The Media and Communications course has really helped me. It made me stand out from the other applicants for the job.


    How do you want to study?


    4 years

    UCAS code:



    Apply via UCASBook an Open Day


    A foundation year helps you develop the study skills and self-confidence needed for higher education when you don’t reach the entry requirements for your subject.

    If you use Instagram or Snapchat, if you play computer games, if you binge on Netflix, or if you want to be a vlogger, then Media and Communications is the degree for you.

    We’ll help you design webpages, write copy and explore and apply techniques of advertising and public relations. We’ll show you how the media is regulated and how it works, as well as aiding you to reach as wide an audience as possible.

    Why Study Media and Communications with Foundation Year?

    The world of media and communications is fast-moving and fascinating. Take social media, for example, where companies are using and selling personal data and world leaders are sharing their views on foreign policy.

    On this course you'll get right under the skin of media and communications, and you'll be able to choose areas of study that most interest you. From publishing, advertising and branding to social media and creative digital production, you'll gain a solid skills set that will give you the confidence to forge a career in this exciting industry.

    Complete University Guide Subject League Table 2023

    2nd in the UK for graduate prospects in the subject area of Communications and Media Studies.

    The Guardian University League Tables 2022

    6th in the UK for student satisfaction for the quality of feedback and assessment in the subject area of Media and Film studies.

      All about the course

      You'll be able to apply yourself to many different aspects of media and communications and you'll be working on live briefs, responding to real life challenges in the industry.

      During the foundation year, you'll gain an introduction to key aspects of media and communications and you'll gain skills to prepare you to study at degree level.

      As you progress through the degree, you'll spend time creating media content, such as advertising and public-relations campaigns, blogs and digital design pieces, including short films and apps.

      To develop your analytical and research skills, you'll learn techniques relating to questionnaire surveys, focus groups and interviews and you'll explore the meanings of advertisements, texts or films, and how media organisations work.

      Working both independently and as part of a team, you'll develop the management, project planning and team-working skills that are essential for any future role in the industry.

      Entry requirements

      Qualification type


      A Levels EEE
      BTEC PPP
      Access Pass 45 Credits
      International Baccalaureate 24 points
      Combinations A combination of qualifications totalling 32 UCAS points minimum

      Applicants without formal level 3 qualifications will also be considered.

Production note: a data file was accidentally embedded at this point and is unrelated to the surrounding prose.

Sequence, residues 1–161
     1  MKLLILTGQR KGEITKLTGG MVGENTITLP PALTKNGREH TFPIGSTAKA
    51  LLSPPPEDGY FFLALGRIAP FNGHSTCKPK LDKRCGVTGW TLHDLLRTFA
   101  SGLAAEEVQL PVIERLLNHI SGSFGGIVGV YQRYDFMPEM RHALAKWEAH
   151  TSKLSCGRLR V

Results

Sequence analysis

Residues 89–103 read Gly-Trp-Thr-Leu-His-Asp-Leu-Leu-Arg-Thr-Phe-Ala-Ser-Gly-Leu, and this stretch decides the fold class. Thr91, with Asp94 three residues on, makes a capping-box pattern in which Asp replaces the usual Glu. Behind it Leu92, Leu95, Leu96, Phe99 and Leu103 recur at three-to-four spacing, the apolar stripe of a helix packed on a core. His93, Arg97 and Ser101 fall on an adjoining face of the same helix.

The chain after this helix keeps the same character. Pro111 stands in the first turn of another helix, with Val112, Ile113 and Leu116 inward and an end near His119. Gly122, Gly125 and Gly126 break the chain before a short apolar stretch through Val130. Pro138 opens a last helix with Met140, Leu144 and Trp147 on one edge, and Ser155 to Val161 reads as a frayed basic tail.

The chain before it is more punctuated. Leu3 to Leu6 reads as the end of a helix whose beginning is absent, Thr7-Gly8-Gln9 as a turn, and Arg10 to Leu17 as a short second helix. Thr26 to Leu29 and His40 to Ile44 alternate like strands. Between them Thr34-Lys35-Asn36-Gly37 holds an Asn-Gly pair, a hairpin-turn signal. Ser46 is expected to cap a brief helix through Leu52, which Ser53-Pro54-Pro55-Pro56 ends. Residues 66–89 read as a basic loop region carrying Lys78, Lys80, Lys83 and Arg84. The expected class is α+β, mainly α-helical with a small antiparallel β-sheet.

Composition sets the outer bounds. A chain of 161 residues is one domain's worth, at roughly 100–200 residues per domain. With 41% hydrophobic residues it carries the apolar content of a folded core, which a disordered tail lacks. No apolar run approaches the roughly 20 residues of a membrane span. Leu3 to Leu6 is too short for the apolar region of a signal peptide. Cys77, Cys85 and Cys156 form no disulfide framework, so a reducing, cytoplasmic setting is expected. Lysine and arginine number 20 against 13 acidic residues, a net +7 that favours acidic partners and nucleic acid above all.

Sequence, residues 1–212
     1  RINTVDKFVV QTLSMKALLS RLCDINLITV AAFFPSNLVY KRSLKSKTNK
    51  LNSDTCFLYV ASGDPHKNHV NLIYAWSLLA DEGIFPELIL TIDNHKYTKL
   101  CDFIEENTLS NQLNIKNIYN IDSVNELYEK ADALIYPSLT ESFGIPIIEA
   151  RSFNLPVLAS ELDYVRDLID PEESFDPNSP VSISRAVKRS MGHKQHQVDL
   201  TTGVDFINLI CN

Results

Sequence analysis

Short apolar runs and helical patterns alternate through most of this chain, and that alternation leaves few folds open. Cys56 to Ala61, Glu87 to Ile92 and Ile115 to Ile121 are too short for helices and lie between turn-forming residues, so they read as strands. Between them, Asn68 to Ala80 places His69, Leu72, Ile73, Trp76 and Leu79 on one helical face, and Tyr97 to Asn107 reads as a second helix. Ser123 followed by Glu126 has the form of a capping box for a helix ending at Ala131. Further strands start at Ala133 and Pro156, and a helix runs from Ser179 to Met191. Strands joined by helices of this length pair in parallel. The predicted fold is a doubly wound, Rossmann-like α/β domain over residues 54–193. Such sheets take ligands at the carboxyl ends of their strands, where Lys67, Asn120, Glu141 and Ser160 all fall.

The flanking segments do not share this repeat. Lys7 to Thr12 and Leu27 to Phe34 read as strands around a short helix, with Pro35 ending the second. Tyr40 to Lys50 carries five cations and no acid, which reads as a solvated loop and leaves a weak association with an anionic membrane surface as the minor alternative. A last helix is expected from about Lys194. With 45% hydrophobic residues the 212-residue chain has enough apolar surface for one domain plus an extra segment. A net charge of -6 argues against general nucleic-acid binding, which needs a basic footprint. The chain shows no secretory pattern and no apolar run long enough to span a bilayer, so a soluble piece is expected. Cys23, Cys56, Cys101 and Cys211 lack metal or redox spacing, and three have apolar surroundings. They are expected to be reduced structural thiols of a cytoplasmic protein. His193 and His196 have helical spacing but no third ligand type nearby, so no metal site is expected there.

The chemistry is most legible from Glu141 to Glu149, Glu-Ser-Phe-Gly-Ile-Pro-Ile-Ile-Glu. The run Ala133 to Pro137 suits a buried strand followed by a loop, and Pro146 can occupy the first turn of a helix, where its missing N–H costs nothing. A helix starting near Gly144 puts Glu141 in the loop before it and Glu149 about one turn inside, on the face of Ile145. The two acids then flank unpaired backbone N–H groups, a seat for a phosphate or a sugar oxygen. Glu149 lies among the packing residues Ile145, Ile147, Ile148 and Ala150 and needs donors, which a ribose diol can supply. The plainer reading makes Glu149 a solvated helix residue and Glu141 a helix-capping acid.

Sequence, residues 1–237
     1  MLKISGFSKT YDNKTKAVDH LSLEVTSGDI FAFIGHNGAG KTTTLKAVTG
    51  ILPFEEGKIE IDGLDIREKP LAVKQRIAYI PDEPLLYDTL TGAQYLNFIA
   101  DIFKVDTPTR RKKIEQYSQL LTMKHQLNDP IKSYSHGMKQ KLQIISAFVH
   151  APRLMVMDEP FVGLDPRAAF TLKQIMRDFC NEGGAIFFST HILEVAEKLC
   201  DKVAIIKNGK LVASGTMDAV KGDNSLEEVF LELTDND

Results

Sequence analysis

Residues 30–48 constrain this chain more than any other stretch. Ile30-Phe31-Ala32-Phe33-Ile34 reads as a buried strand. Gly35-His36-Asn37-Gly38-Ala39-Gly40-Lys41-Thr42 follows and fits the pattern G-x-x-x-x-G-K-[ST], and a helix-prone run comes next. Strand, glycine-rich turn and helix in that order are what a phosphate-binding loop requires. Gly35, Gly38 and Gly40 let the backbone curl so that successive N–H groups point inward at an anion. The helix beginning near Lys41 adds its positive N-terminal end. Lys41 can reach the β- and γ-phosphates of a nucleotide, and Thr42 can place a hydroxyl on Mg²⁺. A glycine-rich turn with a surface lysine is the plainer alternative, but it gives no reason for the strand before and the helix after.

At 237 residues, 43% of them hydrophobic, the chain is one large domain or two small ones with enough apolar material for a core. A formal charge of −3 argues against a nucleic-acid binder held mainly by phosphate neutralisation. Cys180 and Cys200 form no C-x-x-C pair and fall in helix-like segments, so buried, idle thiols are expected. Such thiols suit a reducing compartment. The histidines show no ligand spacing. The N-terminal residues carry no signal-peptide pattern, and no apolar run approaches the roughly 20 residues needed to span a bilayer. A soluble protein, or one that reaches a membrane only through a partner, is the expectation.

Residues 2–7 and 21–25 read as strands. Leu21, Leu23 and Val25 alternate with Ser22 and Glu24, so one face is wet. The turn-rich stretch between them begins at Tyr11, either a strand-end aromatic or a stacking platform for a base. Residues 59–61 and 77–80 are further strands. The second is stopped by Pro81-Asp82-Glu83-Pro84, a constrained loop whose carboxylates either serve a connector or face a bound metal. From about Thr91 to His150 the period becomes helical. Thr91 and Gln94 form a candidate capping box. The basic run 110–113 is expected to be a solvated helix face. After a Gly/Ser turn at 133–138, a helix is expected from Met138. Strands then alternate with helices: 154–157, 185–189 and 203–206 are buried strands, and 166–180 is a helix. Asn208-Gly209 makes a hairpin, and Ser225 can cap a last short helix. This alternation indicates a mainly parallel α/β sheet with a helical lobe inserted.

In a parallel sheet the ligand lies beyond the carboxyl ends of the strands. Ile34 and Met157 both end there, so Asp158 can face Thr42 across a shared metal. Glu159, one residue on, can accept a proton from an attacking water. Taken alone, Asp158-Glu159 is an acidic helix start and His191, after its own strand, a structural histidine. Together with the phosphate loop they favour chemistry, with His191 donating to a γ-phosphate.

For more information on the IELTS (International English language Testing System) requirements for this course, please click here to visit our dedicated web page.

      More information about entry requirements.

      UCAS Points

      Module information

      Please note that the list of optional modules and their availability may be subject to change. We continually review and where appropriate, revise the range of modules on offer to reflect changes in the subject and ensure the best student experience. Modules will vary when studied in combination with another subject.

      Core/optional modules

      How you’ll learn

      You will be taught through a combination of lectures, seminars and practical workshops and through independent study.

      You will typically have around 12 contact hours per week in Years 1 and 2 and fewer in Year 3 when there is more independent and self-directed study. Your actual contact hours will depend on the option modules you select.

      Seminars in smaller groups and IT sessions will enable you to discuss and develop your understanding of topics covered in larger-group lectures. In addition, you'll be able to arrange tutorials with teaching staff and your personal academic tutor.

      In Year 2, you will have the opportunity to develop a media project abroad, and to work on live briefs.

      In Year 3, you will undertake a 100 hour work placement with an external organisation. You will also complete an individual research project.

      All courses are informed by the University’s Learning and Teaching Strategy 2015-2020.

      When not attending lectures, seminars, workshops or other timetabled sessions, you will continue learning through self-study. Typically, this involves reading journal articles and books, undertaking research in the library, working on projects, and preparing for assignments, workshops and seminars.

      Your module tutor will direct you towards specific readings and/or activities to complete before class. They will have office hours so you can arrange tutorials to discuss any aspects of the module.

      For the individual research project in Year 3, you will undertake independent research working under the supervision of a member of the course team. You will meet with your supervisor regularly.